Jonathan Eig, a former senior special reporter at the Wall Street Journal, is the author of several highly acclaimed books, two of which appeared on the New York Times bestseller list. His first book, Luckiest Man: The Life and Death of Lou Gehrig, won the Casey Award for best baseball book of 2005; his second book, Opening Day: The Story of Jackie Robinson's First Season, was named one of the best books of the year by the Chicago Tribune, Sports Illustrated, and The Washington Post. In his third book, Get Capone Eig discovered thousands of pages of new material on Capone, affirming his trustworthy reporting reputation in what The New York Times called a 'multifaceted portrait,' a 'gore-spattered thriller,' and 'as much a dark history of urban America between the world wars as it is another mobster's life story.' And in The Birth of the Pill, Eig again tackles an enormous volume of unexamined personal correspondence in an original and richly-textured narrative.
We spoke to Jonathan Eig, author of The Birth of the Pill, about a 1950s sexual revolution, feminism, and how far we’ve come.
Roxane Gay on the Traumas of the Body https://t.co/x5qpF7NRhv Another great review. Strong week for the #NYTBR.
by @jonathaneig - yesterday
@JamesGavinBooks That's one terrific book review. Well done, sir. https://t.co/GQpmzPNBQw On a lark, I went to Vaughan's funeral.
A New Biography Looks at Sarah Vaughan, the Singer Known as Sassy https://t.co/IZ5RaooYFK Really nicely written review by James Gavin.
@jpballnut That's good, Capone-style parenting, for sure!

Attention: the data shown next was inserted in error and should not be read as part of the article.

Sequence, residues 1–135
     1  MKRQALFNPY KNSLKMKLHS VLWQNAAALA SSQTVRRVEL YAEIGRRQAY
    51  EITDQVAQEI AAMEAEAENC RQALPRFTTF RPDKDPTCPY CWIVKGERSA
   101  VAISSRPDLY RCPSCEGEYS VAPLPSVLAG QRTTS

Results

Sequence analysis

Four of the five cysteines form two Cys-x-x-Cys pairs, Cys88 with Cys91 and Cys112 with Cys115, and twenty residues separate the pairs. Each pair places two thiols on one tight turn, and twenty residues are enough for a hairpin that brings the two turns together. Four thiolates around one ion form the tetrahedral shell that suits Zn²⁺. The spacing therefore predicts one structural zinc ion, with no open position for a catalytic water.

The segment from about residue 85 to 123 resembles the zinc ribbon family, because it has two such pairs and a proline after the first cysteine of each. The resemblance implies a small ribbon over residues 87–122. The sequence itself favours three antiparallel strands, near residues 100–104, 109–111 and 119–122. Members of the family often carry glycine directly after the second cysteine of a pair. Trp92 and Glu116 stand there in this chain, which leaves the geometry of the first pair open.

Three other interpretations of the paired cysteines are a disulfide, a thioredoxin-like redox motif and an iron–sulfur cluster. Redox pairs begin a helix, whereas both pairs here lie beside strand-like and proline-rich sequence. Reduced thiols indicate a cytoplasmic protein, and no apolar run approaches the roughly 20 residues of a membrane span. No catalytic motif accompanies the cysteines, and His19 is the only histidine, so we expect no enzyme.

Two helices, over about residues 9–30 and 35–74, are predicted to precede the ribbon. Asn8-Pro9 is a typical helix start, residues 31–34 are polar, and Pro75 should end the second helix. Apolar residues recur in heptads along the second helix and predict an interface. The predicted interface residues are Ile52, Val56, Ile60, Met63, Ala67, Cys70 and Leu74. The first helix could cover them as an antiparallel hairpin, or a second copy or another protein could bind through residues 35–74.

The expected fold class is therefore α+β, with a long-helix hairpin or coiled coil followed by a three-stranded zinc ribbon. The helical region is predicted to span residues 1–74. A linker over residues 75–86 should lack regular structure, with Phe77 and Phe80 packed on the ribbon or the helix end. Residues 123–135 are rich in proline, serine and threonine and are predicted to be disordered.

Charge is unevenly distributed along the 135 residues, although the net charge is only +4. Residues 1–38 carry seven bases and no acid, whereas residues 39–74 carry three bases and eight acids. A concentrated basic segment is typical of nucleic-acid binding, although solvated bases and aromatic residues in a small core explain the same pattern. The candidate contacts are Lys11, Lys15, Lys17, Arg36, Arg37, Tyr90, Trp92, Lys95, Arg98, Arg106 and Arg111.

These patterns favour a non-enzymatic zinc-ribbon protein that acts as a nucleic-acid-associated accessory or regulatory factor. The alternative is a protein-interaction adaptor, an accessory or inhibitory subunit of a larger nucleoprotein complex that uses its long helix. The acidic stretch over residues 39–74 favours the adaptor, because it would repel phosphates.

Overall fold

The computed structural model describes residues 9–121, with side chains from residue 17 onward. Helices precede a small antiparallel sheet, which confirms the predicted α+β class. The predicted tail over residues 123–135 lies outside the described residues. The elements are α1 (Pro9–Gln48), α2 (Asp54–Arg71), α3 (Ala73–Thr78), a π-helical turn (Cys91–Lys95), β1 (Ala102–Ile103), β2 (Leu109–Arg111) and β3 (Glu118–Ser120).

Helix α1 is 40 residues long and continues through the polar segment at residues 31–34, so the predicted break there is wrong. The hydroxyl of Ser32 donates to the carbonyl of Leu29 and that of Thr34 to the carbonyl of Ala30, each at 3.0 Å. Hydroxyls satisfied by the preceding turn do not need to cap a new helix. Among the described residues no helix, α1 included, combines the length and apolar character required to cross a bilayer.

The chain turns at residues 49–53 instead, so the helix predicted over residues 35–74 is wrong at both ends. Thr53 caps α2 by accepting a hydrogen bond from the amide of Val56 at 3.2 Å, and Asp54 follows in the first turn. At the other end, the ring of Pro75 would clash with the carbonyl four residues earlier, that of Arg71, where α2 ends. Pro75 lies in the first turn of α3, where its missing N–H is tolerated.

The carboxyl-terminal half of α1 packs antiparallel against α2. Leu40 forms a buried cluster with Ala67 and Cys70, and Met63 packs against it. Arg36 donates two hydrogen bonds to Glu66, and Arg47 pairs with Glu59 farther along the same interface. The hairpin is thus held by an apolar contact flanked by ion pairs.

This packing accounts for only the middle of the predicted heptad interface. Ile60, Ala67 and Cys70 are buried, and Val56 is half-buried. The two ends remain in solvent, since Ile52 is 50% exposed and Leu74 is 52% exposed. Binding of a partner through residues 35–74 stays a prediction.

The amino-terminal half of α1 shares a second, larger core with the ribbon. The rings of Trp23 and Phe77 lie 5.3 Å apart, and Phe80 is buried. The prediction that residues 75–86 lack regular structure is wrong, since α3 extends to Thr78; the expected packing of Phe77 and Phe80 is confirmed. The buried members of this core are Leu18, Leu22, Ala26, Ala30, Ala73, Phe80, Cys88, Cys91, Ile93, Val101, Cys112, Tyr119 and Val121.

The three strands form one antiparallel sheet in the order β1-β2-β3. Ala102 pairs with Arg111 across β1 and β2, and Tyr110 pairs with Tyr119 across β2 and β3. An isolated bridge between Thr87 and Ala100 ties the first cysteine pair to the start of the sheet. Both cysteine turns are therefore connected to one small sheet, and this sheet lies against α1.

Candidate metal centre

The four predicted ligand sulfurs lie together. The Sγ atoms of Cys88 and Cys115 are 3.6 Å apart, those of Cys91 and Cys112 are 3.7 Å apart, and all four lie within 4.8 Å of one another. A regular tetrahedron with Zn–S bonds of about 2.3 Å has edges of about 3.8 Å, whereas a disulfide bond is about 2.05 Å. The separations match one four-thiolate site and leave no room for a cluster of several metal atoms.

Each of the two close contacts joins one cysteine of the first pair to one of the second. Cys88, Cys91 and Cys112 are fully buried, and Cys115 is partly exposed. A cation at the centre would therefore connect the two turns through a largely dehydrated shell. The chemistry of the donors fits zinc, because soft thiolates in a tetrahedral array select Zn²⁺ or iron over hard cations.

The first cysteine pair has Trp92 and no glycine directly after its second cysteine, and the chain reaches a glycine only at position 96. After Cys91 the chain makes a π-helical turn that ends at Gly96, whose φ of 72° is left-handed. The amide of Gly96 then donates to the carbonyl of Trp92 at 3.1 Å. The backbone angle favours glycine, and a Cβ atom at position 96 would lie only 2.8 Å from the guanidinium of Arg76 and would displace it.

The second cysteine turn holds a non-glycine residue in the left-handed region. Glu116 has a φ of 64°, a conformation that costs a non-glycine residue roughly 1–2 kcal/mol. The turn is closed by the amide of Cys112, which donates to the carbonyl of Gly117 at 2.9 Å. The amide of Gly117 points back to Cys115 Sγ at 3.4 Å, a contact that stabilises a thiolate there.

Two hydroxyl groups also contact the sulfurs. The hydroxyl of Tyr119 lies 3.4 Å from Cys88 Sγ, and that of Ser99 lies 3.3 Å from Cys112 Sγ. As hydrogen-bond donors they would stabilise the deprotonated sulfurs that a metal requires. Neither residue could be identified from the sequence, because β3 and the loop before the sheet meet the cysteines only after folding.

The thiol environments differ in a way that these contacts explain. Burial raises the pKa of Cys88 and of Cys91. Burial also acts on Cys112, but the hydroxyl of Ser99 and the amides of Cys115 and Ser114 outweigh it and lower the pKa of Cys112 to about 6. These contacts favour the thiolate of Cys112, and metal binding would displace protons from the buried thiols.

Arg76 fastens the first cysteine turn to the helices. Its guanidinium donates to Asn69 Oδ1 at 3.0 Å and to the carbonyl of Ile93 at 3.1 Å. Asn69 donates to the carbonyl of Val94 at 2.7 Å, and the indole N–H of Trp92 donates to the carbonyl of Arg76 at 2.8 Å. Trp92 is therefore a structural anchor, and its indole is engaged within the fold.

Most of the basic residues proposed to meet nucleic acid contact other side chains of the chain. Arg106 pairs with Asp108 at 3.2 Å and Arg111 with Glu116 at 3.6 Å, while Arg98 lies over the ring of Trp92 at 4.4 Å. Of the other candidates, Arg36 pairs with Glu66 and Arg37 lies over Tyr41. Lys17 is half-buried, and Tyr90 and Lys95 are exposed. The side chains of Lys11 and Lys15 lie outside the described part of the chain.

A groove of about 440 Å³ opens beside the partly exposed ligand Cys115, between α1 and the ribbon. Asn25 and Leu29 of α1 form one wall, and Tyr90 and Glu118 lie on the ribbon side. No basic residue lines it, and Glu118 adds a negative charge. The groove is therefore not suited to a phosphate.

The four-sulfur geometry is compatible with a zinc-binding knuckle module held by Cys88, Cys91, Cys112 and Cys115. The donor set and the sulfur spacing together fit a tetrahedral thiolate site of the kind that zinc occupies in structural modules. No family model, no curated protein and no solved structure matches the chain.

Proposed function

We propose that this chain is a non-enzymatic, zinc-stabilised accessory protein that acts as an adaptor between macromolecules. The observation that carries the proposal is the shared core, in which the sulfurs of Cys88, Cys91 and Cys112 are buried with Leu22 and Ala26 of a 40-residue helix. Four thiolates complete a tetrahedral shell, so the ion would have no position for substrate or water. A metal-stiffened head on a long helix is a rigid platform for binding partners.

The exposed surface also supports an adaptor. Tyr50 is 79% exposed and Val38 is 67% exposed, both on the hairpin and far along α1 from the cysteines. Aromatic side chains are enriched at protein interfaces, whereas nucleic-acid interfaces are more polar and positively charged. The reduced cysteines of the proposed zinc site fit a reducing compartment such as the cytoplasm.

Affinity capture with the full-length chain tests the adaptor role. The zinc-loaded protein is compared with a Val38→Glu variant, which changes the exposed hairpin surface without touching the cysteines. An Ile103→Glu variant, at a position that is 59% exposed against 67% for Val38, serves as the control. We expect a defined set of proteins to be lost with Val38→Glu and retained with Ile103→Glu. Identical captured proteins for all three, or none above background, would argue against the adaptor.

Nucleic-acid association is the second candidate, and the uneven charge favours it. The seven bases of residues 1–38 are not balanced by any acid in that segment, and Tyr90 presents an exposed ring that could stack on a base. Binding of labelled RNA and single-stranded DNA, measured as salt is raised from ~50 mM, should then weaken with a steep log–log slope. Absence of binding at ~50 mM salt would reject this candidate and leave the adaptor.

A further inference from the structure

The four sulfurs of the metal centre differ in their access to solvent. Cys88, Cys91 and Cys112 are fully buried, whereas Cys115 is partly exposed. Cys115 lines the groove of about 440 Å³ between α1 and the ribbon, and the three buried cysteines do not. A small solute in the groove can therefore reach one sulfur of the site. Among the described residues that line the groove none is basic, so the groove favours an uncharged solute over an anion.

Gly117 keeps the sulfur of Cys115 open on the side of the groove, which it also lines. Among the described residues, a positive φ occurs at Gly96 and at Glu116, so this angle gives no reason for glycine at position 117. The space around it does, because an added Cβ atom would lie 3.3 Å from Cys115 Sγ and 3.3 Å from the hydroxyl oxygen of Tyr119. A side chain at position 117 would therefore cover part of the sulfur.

Sports Rewind: Muhammad Ali lights the 1996 Olympic torch https://t.co/pWJRCJxg1Z @AlitheBook
by @jonathaneig - 2 days ago
jonathaneig - 7 months ago
Saddened to hear about the passing of Howard Bingham, a dear friend of Muhammad Ali's and a wonderful photographer. We spent a day together in Los Angeles a couple of years ago and it seemed like we laughed more than we talked. When I transcribed the tapes of the interviews, it was embarrassing how little information I'd extracted. Easy to see why Ali loved this man.
Ring Magazine has retroactively named Muhammad Ali fighter of the year for 1966, after denying him the honor because of Ali's refusal to fight in Vietnam. In other news, I have named myself MVP of Super Bowl XXV.
jonathaneig - 8 months ago
My new book, ALI: A LIFE, the first complete, unauthorized biography of Muhammad Ali, is coming in 2017. George Foreman says this book's gonna be a knockout.
jonathaneig - one year ago
“It takes an Uncle Tom Negro to keep calling me by my slave name,” Muhammad Ali said after opponent Ernie Terrell continued referring to him as Cassius Clay.
During their historic fight, in 1966, Ali taunted Terrell, yelling, “What’s my name?” followed by a whistling left-right combination that made the question rhetorical. “What’s my name?” he spat again through his mouthpiece.
Muhammad Ali openly attacked American racism at a time when the nation’s black athletes and celebrities were expected to acquiesce, to thank the white power structure that gave them the opportunity to earn wealth and celebrity, and to otherwise keep their mouths shut.
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